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A family with bicycles taking a break by a waterfall at Rallarvegen A family with bicycles taking a break by a waterfall at Rallarvegen A family with bicycles taking a break by a waterfall at Rallarvegen
A family with bicycles taking a break by a waterfall at Rallarvegen A family with bicycles taking a break by a waterfall at Rallarvegen
Biking Rallarvegen.
Photo: Morten Knudsen

The Navvy Road (Rallarvegen)

Near the Hardangervidda, and with the train station right in the center of town, Geilo is a great starting point for cycling the Navvy Road.

The Navvy Road was built between 1894 and 1902 as a construction road for the Bergen Railway Line. Today, it is a monument over the unbelievable toil it was to make the train connection over the Hardangervidda, Europe's largest, high-mountain plateau. In 1974, the Navvy Road was opened as a bicycle road, and it is now one of Norway's most popular bicycle trips.  

The trip starts at Haugastøl, or at Finse, if you would like a little shorter trip, and follows the Bergen Railway Line up to its highest point, Taugevatn Lake, at 1,301 meters elevation. The the trip continues down to the fjord at Flåm. The stretch between Hallingskeid to Flåm is probably the most spectacular, with with steep descent, wild waterfalls and rapids where the road follows the Flåm Railway Line.

Geilo is a great starting point for the trip. Take the train to Haugastøl or Finse, where you will get your bicycle and start on your journey.  

The Navvy Road is 80 kilometers long, 107 kilometers long if you start from Haugastøl; so it is recommended to overnight along the way. Accommodations can be found at Finse, Hallingskeid, Vatnahalsen, Myrdal, Uppsete and Flåm. 

The Navvy Road was named Norway's finest bicycle road by the magazine, Travel and Vacation (Reise og Ferie) in cooperation with the Cyclist's Association. The Navvy Road is visited by approximately 25,000 cyclists, both domestic and foreign, every summer. 



The best time to cycle along the Navvy Road is from the middle of July to the end of September. In July, there is often still snow on parts of the road. The Navvy Road is closed during the winter.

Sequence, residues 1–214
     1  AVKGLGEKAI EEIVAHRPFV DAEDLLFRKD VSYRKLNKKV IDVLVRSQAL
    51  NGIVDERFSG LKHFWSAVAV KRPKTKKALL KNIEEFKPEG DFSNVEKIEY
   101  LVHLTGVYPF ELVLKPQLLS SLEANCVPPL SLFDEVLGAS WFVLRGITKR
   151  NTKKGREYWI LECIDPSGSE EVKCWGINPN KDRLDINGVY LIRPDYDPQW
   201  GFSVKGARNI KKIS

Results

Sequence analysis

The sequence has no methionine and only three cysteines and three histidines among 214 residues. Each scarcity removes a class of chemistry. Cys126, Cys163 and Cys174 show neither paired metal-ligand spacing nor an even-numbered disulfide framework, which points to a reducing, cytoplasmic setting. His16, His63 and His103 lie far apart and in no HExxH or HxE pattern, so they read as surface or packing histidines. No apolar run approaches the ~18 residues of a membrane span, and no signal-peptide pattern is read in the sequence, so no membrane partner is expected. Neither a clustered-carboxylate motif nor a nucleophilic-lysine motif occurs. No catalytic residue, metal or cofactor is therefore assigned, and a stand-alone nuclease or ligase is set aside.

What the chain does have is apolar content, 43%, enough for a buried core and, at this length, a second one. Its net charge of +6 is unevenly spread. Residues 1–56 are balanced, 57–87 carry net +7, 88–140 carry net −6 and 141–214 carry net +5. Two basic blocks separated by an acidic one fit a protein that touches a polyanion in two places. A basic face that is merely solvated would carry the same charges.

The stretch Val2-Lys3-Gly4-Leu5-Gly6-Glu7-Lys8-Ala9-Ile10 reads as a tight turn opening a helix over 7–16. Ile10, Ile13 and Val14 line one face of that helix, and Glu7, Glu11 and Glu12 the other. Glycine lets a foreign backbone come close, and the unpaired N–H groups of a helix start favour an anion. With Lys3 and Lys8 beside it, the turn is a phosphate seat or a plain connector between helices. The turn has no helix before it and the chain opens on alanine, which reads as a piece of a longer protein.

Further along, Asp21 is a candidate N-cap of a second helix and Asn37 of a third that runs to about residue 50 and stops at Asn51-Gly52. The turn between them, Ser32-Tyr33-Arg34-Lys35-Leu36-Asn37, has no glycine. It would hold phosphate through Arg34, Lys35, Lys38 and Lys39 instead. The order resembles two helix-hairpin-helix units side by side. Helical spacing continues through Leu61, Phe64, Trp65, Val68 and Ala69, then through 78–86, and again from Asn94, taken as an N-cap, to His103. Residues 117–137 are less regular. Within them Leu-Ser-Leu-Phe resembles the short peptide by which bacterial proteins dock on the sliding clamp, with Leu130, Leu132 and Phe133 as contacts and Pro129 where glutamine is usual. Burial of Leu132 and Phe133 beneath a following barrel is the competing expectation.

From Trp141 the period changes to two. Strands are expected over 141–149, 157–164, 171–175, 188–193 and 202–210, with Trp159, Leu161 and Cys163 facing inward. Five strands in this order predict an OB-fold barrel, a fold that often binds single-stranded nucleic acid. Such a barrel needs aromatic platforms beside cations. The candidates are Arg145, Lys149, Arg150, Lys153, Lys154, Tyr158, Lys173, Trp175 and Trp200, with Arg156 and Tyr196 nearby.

Bicycle Rental

Bicycle rental is available at Haugastøl, Finse and Myrdal. You can return the bicycle in Flåm, when you have finished the trip. 

More Information

Cycling along the Navvy Road varies from easy to difficult, and you must be in average physical condition. Remember that certain parts of the Navvy Road go through challenging terrain. If you are cycling with children, the recommended route is from Haugastøl to Finse, where the roads are in good condition. It is not advisable to let children under 12 years cycle the whole route. 

It is safe to drink the water from streams many places along the route, but avoid drinking meltwater from glaciers or snowdrifts. 

Last, but not least, make sure that you bring with you repair kits and other necessary equipment in case you get a flat tire.

Bicycle Routes Along the Navvy Road

Haugastøl (1,000 meters elevation) to Finse (1,222 meters elevation)—27 kilometers
The Navvy Road starts at Haugastøl Turistsenter, where you can rent bikes or purchase a trip package that includes bike rental, accommodations, and meals. You can also have your baggage sent between the train stations in Haugastøl, Finse, Myrdal and Flåm; so that you don't have to bike with your baggage. The bike route from Haugastøl to Finse rises 222 meters through beautiful scenery, and you will find many cultural monuments along the way from when the Bergen Railway Line was built. 


Finse (1,222 meters elevation) to Hallingskeid (1,110 meters elevation)—21 kilometers

At Finse, the highest point along the Bergen Railway Line, you can see the Hardangerjøkulen Glacier. Here you might find snow along the road until July. From Finse, the bike route goes up to the Fagervatnet Lake (1,343 meters elevation), which is the highest point along the Navvy Road. From this point on, it is basically downhill all the way to Flåm. At the Fagernut Signalman Residence, you should use the opportunity to explore the exhibition that shows the life of the signalmen and their families on the Bergen Railway Line. Try the "navvy soup" (sluskesuppe). Please be aware that some stretches of the road are in poor repair.



Hallingskeid (1,110 meters elevation) to Vatnahalsen (811 meters elevation)—17 kilometers

Along this stretch of the route, the mountain landscape slowly changes to wilder and steeper west coast mountains. Near Myrdal, you pass Vatnahalsen Høyfjellshotell, and thereafter there will be a steep downhill stretch with 21 hairpin turns down to the Flåmsdalen Valley at the end of the Navvy Road. It is recommended to walk your bike down the steepest and most rocky parts of the turns. 


Vatnahalsen (811 meters elevation) to Flåm (1 meter elevation)—17 kilometers

A nice road runs down to Flåm from the upper part of the Flåmsdalen Valley. Here it is important to take your time, as the road is narrow and there can be oncoming traffic. The Flåmsdalen Valley is Norwegian nature at its best, with steep mountains, vertical waterfalls, fast-flowing rivers, and green valleys. Remember to enjoy the trip, stop and look back, listen to the sounds of the streams with their crystal-clear water, and breathe in the refreshing mountain air. 


Alternative route: Myrdal (867 meters elevation) to Voss (57 meters elevation)—43 kilometers
From Myrdal, you can choose the road to Voss instead of cycling down to Flåm. Take the local train from Myrdal to Uppsete, and continue along the Navvy Road to Mjølfjell Vandrehjem Hostel. From Mjølfjell, follow the road to Voss